In the long run, this would mean people being more selective about the things they buy, to ensure that they were made well - in happy conditions, and with a clear focus on quality rather than quantity - and will therefore last longer. It would also mean strictly avoiding products that are only in use for a short while before leave a lasting negative impact on the planet, with plastic and its many forms being classic examples. All of this translates to a more mindful, personalised approach to shopping, where a buyer considers the way a product would fit into their own lifestyle and their individual long-term needs before making a purchase.


It's already happening in many parts of the world, including in India. It's just a matter of it being spoken about more in order for it to become increasingly common.



Do Indian consumers understand sustainability? How seriously do they take it? Indian consumers are just as well-researched about and aware of sustainability as consumers anywhere else, depending on where you look. In fact, one could even argue that sustainability is a core Indian trait; our habit of recycling old clothes as cleaning cloths, our affinity towards creating our own plant-based personal care products, and our love of collecting and reusing all the jars and shopping bags we've ever owned  - these are all lifestyle habits being espoused as sustainability tips from influencers across the globe today.


On a more consciously-responsible level, more and more people have grown aware of the consequences of the fast fashion industry, especially after the 2013 Rana Plaza tragedy. It's been heartening to see and to even be tagged in social media posts asking fashion brands who made their clothes.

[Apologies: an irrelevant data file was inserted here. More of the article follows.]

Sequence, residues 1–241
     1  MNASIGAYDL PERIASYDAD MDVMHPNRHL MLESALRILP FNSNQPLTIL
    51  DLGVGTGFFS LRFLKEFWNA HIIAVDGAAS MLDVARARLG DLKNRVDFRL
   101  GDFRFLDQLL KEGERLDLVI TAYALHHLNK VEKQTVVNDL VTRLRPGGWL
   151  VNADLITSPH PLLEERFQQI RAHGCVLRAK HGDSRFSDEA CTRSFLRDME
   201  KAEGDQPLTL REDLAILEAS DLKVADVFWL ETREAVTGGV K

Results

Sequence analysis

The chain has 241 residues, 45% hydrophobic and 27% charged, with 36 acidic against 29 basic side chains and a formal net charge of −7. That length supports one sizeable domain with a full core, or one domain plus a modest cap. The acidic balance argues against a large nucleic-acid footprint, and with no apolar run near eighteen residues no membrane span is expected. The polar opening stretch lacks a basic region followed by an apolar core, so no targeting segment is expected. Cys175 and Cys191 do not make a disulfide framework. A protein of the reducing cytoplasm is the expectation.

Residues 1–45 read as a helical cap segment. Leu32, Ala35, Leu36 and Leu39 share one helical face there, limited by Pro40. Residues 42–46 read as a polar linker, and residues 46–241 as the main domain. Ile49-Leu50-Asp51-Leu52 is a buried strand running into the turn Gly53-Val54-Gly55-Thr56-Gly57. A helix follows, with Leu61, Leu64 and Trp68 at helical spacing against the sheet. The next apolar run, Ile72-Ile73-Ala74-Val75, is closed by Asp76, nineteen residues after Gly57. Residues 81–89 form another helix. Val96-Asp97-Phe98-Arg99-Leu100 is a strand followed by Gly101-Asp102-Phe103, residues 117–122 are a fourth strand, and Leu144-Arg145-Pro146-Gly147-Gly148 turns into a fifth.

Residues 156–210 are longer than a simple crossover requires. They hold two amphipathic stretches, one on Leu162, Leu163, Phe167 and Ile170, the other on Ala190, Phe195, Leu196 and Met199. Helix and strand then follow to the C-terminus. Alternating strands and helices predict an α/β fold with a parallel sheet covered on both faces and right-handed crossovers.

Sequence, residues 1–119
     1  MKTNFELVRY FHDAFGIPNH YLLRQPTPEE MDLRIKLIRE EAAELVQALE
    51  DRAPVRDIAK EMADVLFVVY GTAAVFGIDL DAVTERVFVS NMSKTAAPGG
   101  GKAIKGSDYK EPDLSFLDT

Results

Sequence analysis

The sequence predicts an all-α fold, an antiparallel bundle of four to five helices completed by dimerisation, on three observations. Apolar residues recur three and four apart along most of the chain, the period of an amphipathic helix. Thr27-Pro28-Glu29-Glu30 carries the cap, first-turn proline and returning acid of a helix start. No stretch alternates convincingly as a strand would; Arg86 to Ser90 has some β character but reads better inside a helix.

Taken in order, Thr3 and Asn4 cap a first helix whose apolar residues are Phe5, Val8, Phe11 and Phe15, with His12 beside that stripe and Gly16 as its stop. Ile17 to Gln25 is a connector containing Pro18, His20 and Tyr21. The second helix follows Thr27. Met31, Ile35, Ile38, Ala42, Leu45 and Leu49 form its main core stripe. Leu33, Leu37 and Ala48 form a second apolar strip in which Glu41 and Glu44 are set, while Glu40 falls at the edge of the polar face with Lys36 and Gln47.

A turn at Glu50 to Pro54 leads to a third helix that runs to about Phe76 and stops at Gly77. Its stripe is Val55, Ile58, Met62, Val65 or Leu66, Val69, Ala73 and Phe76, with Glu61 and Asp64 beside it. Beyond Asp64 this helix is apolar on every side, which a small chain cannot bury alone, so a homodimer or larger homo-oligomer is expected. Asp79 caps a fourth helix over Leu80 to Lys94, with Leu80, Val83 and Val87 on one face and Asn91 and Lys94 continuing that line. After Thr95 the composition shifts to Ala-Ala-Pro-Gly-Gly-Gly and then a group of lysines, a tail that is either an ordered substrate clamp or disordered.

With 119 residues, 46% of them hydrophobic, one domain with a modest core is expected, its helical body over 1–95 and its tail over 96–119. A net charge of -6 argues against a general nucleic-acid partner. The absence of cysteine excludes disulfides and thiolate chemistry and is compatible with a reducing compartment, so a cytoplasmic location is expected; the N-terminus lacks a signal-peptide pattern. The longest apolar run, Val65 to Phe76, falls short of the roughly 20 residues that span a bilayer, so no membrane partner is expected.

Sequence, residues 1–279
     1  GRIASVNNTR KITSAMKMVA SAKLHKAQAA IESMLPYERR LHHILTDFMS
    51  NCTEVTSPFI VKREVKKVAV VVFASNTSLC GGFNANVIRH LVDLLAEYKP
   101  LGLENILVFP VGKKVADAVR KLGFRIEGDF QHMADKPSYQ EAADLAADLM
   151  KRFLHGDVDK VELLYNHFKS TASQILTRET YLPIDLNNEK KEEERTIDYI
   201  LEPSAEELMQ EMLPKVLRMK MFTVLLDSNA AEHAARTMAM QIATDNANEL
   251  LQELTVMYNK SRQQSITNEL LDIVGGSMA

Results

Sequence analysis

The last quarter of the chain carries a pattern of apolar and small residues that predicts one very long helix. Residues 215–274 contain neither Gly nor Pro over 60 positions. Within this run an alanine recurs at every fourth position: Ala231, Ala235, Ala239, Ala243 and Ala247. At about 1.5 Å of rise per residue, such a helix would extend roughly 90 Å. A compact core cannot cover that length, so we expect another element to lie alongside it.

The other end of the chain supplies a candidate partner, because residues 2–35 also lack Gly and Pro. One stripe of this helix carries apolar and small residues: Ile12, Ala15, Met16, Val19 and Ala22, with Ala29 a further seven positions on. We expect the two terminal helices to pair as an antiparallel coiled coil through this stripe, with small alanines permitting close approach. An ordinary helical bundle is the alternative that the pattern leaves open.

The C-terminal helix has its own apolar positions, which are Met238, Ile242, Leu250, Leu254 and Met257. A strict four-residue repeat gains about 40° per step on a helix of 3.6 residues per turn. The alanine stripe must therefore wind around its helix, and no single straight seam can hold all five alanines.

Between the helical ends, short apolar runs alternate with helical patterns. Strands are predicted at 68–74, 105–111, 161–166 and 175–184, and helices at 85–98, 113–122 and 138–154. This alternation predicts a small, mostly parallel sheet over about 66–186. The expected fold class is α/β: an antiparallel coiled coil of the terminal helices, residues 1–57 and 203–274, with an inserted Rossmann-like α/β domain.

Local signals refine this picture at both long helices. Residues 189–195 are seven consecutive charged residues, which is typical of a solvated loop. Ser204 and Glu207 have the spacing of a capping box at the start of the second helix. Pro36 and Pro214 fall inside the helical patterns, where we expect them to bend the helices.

Climate change is also becoming a bigger concern, thanks in no small part to inspiring figures like Greta Thunberg and our own young climate change activists in the country. India, along with other parts of the world, is also seeing the impacts of climate change already, which is definitely making many Indians more cognisant of the environmental impact of their choices, including purchases.


We're also blessed to have been able to build a community of like-minded individuals who remind us why we do what we do all the time. They're kind enough to reach out with words of love and support, appreciating the thought behind our clothes and their inherent sustainability. That's what really keeps us going and maintains our optimism about the future - and our faith in humanity, as a whole.